looking for and shove it right in your face, dude!"
program which displays advertising. Period. Again, it does not matter what form this
advertising takes- buttons, banners, popups, etc. Adware can be spyware and spyware can be
adware. They're the kissing cousins you've heard tell about. If the advertising is based
on things you do on your computer - surfing or searching, then something is spying on your
activities. Therefore adware which displays advertising, in any form, based on your
private activities on your computer is spyware.
The definition of spy is "A
secret watcher; someone who secretly watches other people". In this case that
"someone" watching is software which transmits your activities back to a server
on the Web which then in turn displays advertising based on your private activities
(surfing, using your computer, searching the Web, etc.). Imagine you are watching
television with a friend and discussing dogs while watching TV...suddenly: What to your
bloodshot eyes should appear? Commercials for dog food, dog trainers, and dog kennels. You
are just a tad surprised. Then you start discussing the death of a loved one. Suddenly and
inexplicably all the TV commercials are for support groups, funeral homes, and estate
lawyers. Now, you're downright concerned. You'd probably start looking at your ceiling and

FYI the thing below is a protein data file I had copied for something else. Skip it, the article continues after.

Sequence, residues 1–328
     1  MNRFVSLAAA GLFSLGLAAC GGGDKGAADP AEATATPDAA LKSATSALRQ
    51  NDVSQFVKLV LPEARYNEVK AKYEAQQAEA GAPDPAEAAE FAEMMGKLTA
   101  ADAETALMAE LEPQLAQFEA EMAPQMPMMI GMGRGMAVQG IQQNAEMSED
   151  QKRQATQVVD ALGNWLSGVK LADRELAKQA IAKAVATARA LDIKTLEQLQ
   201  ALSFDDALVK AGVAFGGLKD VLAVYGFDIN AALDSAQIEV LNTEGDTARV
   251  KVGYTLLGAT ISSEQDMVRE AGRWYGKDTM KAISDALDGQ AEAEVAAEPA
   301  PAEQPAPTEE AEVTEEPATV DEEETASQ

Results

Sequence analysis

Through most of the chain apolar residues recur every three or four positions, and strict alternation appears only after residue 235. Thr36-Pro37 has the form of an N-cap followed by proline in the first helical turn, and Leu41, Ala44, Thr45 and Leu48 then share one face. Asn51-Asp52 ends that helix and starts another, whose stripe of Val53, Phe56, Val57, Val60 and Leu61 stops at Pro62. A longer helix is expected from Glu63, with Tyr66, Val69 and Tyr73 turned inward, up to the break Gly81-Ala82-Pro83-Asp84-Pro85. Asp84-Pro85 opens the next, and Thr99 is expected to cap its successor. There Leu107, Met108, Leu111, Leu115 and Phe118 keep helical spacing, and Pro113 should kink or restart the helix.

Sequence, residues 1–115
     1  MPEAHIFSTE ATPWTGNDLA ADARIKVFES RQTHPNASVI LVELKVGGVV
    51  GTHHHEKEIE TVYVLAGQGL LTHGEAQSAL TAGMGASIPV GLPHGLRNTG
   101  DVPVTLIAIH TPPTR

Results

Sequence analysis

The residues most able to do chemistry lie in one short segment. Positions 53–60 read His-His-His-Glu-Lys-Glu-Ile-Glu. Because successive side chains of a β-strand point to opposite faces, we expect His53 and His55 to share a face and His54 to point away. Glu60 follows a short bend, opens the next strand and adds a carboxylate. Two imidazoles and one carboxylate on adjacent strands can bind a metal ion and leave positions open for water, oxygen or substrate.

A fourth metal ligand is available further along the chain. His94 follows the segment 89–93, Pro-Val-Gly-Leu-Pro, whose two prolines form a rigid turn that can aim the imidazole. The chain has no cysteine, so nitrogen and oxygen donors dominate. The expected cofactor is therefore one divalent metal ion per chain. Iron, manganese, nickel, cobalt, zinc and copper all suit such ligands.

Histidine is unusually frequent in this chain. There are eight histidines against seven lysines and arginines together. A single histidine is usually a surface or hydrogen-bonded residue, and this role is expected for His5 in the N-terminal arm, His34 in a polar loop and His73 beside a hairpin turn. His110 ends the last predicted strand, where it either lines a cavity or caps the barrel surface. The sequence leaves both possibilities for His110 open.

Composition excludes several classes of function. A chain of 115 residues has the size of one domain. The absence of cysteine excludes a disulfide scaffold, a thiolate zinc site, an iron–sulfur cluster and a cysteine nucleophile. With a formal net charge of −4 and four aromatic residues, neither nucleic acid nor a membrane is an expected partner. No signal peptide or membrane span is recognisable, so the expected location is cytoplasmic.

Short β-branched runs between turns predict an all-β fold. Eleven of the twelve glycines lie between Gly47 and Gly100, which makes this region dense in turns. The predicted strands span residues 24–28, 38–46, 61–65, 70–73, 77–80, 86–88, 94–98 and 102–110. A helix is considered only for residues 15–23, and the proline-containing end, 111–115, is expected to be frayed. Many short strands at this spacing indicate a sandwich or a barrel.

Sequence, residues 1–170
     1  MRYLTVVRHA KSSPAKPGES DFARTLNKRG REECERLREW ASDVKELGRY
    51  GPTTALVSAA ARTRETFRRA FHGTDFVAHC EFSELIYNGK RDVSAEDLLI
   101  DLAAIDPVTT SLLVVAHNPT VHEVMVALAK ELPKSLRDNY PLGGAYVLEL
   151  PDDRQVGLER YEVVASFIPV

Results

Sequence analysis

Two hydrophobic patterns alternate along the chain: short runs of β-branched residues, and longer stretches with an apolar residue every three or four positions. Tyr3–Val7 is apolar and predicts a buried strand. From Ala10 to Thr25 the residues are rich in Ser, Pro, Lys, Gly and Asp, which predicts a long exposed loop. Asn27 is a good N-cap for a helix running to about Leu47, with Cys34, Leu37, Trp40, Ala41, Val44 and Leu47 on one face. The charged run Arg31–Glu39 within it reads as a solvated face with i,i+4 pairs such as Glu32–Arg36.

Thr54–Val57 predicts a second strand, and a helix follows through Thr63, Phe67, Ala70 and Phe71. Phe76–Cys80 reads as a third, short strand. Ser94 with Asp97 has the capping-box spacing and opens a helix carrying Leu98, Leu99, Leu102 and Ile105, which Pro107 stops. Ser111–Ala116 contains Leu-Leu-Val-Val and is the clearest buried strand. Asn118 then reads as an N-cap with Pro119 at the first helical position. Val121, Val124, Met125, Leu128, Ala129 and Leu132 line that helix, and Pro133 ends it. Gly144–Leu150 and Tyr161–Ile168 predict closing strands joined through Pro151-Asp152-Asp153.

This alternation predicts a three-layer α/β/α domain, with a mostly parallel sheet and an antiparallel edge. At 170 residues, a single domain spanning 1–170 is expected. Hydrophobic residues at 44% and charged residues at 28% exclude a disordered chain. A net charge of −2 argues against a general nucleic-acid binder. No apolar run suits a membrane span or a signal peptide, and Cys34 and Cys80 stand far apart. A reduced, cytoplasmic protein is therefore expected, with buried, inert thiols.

in between your sofa cushions for hidden cameras and microphones. Wouldn't you? You
wouldn't like your TV set spying on your private conversations or monitoring your TV
viewing habits, then displaying "relevant" advertising.
But, anyone who intentionally downloads spyware and most
adware programs agrees to allow software to silently spy on them for the sole purpose of
showing them "contextually relevant" advertisements. Oh, goody! And, thanks to
those brilliant(?) creative writers who make MORE advertising seem like manna from heaven,
people actually download spyware gleefully thinking think they're getting something for
nothing. Almost like selling your soul to the devil for a few smileys? Yes! And most are getting a lot more than they bargained for. Most spyware installs up to a
dozen or more extra programs that the user must agree to accept in order to get the one
program they wanted. Amazing! Not only are you presented with gobs of advertising in all